From The Grand Junction Daily Sentinel (Dennis Webb):
About 2,100 gallons of produced water from oil and gas development sprayed into a field south of New Castle and a small amount reached a stock pond after a WPX Energy water line valve leaked July 2.
The incident has prompted WPX to make an infrastructure adjustment in what it calls its Kokopelli Field operations in that area.
WPX reported to the Colorado Oil and Gas Conservation Commission that the incident happened when water was being transferred between two storage pits. A valve intended to isolate a lower water line section failed, allowing pressure to build up in that section until an above-ground riser with a pressure rating below that of the line ruptured.
The fluid that reached the field then entered a diversion ditch supplying water to the man-made stock pond, and about two barrels, or 84 gallons, entered the pond.
WPX’s report said the pond sits on a high, arid mesa and “has no means of communication” with other surface water, thus posing no threat to public water systems. Nevertheless, the town of Silt’s water operator was notified as a courtesy. The report said all but about a barrel of the water couldn’t be recovered because it had soaked into the dry soil.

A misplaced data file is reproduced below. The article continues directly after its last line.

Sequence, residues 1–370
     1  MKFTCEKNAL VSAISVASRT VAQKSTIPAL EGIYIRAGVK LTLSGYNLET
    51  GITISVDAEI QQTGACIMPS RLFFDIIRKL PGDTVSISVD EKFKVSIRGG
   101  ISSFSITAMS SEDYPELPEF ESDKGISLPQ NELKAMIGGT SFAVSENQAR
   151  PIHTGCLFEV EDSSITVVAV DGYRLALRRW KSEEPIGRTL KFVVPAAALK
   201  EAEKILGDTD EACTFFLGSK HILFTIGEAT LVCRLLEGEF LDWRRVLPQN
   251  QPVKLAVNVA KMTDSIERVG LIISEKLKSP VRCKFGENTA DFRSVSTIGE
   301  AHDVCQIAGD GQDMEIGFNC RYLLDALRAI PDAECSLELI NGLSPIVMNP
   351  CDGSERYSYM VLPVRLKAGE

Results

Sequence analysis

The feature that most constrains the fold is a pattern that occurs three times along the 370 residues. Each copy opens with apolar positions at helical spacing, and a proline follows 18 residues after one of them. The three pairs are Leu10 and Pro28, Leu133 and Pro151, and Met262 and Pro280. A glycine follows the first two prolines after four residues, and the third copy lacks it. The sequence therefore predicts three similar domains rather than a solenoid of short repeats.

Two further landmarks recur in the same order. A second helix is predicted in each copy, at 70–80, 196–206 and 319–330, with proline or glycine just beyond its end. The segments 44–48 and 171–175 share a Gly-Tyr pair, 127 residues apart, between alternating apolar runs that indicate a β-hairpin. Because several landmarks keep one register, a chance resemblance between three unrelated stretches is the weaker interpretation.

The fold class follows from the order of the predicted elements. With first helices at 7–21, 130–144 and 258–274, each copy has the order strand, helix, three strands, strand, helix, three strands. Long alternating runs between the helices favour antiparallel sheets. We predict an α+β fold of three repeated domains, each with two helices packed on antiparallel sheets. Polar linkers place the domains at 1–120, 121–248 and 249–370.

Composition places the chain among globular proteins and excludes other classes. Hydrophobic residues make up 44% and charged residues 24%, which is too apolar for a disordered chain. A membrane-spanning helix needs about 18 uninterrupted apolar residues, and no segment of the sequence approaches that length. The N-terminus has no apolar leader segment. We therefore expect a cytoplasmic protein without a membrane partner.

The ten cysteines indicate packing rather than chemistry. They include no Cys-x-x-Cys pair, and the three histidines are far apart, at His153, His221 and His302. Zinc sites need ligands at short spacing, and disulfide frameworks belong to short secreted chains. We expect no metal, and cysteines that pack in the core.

Produced water contains a mix of hydraulic fracturing fluid and water that comes up from the geological formation where oil and gas is being recovered. A soil sample showed benzene to be present at just above the oil and gas commission’s permissible level in a sediment trap in the ditch, with salt measurements also exceeding what’s allowed. WPX spokeswoman Susan Alvillar said that benzene was found along a road and nowhere else, and may not be related to the spill. However, WPX had the trap cleaned out. The ditch also had high salt levels and was to be flushed with fresh water. The landowner was to decide whether more fresh water should be added to the pond to dilute it because of excessive salt, or if the pond should be drained and refilled.
Besides replacing the faulty valve, WPX replaced all risers in its Kokopelli Field with below-ground connections of the proper pressure rating. Alvillar said WPX didn’t install the system that leaked. It bought its Kokopelli assets from Orion Energy Partners.
In an e-mail “action alert” Wednesday, Citizens for a Healthy Community in Delta County cited the WPX spill and others such as this year’s leak from a Williams natural gas liquids line near Parachute Creek. “Equipment failure and accidents happen all of the time, and that’s why we need to keep drilling rigs away from sensitive areas, like riparian zones, water bodies, irrigation systems, cropland and ranches, and homes and schools,” the group said.
Alvillar said WPX handled the incident responsibly. “I think that’s the key to being able to operate, is we just have to expect human and mechanical failures from time to time. It happens and the response is what’s the important thing,” she said.